The distraction caused by a notification - whether it is a sound or a vibration - is comparable to the effects seen when users actively use their cell phones to make calls or send text messages, they said.
    
"The level of how much it affected the task at hand was really shocking," said Courtney Yehnert, a Florida State University (FSU) research coordinator.
    
"Although these notifications are generally short in duration, they can prompt task-irrelevant thoughts, or mind-wandering, which has been shown to damage task performance," the researchers said.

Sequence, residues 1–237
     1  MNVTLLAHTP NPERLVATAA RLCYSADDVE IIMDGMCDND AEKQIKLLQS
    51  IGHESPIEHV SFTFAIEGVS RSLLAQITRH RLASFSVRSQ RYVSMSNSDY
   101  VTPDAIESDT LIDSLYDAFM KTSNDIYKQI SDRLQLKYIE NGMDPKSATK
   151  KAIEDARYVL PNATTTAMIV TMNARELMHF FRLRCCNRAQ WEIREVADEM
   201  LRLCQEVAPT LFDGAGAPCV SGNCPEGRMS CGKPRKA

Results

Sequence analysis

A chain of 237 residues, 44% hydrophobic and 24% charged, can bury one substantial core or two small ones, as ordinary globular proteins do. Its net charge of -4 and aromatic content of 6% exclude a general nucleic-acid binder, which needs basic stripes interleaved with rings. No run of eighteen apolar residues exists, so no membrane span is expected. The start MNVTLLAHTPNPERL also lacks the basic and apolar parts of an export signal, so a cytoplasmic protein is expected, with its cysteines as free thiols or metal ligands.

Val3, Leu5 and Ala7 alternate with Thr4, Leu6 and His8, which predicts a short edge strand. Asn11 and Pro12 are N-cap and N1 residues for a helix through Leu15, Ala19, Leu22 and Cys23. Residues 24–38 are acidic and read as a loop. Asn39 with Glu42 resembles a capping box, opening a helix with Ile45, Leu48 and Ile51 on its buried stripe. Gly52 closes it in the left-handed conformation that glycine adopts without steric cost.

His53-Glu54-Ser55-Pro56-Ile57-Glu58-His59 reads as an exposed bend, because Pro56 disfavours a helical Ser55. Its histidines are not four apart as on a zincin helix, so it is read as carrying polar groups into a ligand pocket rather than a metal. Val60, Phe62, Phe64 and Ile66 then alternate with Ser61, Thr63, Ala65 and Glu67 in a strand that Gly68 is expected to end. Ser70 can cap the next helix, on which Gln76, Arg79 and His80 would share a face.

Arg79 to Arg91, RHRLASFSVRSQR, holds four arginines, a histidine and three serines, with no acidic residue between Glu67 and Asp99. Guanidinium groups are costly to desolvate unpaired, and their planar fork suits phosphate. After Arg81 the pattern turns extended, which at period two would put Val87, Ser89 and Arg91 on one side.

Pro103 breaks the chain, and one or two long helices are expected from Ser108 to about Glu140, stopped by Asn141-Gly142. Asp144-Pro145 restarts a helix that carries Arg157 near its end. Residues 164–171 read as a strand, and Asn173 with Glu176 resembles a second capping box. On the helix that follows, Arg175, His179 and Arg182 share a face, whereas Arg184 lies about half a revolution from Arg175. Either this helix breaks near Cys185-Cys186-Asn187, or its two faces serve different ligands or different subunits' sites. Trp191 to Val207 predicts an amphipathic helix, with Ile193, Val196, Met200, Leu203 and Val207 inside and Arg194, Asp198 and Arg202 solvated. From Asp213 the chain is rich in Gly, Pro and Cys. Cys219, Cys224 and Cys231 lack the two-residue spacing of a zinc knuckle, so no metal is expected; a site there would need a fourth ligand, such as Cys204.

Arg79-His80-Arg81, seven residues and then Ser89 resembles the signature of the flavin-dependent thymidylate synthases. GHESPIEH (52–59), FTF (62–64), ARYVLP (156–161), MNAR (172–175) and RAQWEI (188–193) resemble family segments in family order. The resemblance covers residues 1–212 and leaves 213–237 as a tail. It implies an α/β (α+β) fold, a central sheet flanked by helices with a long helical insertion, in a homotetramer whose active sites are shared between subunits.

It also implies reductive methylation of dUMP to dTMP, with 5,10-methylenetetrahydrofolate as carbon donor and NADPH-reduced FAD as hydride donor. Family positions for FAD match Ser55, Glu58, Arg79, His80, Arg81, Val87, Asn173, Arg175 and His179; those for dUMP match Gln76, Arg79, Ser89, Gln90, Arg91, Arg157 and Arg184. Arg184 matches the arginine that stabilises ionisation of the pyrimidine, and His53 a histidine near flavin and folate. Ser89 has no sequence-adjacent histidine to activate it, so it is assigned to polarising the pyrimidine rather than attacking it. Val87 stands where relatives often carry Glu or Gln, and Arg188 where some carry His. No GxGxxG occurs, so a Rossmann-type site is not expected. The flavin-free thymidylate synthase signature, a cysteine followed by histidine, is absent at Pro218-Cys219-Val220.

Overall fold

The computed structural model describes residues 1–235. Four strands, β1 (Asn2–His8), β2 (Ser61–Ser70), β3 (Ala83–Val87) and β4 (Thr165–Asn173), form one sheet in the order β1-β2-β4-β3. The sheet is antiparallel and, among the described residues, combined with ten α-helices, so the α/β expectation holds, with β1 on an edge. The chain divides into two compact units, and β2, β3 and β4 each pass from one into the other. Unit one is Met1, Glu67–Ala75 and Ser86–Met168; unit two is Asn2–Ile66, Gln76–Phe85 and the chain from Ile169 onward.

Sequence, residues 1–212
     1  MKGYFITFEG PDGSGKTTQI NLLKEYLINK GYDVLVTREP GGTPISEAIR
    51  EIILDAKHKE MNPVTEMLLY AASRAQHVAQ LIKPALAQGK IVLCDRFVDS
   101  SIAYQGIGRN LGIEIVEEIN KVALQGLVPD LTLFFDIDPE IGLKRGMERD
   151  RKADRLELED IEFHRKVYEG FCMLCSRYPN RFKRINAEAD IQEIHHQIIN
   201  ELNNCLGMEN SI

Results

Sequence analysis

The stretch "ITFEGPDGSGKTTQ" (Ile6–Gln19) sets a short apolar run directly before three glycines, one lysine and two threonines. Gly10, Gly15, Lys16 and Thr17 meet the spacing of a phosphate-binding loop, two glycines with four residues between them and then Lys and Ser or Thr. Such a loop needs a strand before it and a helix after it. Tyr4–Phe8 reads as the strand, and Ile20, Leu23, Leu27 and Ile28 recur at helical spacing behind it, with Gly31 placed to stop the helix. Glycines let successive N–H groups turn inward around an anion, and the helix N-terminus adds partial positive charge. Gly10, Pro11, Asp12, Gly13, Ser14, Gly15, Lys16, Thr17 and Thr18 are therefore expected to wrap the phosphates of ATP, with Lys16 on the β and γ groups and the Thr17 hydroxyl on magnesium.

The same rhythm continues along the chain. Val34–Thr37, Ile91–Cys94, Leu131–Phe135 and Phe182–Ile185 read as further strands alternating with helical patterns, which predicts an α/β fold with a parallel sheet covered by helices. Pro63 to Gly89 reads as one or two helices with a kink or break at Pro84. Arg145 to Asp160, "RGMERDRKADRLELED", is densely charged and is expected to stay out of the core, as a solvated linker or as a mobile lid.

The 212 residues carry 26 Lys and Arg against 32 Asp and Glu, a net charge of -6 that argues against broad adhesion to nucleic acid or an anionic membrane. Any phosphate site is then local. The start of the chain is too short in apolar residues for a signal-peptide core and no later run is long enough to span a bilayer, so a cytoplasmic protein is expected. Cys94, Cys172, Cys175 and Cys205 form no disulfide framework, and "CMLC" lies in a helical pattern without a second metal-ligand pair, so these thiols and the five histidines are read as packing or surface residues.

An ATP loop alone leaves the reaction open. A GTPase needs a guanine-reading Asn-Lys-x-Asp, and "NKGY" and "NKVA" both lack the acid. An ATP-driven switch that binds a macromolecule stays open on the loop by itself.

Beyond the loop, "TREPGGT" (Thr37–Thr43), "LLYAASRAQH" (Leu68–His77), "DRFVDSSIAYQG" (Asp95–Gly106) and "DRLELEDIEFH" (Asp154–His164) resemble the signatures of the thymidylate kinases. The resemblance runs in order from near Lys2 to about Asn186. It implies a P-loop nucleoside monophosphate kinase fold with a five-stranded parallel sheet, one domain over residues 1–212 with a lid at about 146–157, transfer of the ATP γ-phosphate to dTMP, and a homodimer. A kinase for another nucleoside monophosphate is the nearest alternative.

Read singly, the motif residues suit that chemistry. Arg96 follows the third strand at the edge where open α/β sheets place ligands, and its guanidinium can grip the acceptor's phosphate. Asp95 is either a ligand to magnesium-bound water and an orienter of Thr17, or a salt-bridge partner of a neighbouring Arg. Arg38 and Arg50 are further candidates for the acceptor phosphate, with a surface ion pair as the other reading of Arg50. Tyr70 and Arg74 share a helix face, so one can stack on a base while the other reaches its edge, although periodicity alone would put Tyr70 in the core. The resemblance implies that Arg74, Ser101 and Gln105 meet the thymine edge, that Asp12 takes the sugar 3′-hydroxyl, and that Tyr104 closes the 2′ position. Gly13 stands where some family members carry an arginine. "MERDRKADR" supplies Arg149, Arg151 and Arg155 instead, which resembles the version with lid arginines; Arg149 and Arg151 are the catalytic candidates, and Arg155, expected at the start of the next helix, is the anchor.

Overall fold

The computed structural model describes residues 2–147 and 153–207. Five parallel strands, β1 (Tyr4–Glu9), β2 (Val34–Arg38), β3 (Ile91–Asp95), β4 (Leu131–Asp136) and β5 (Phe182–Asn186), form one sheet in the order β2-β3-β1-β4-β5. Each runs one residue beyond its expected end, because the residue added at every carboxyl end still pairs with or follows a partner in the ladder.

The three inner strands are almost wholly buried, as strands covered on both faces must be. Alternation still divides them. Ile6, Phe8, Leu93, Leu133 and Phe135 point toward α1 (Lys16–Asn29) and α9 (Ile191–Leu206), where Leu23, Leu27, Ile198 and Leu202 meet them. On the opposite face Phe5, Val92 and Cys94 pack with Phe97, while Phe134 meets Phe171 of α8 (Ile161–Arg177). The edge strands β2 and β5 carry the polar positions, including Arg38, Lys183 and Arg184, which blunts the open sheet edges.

"Cellular phone notifications alone significantly disrupt performance on an attention-demanding task, even when participants do not directly interact with a mobile device during the task," they said.
    
The study underscores that simply being aware of a missed call or text can have the same effect.
    
The findings are significant because many public information campaigns intend to deter problematic cellphone use - while driving, for example - often emphasise waiting to respond to messages and calls.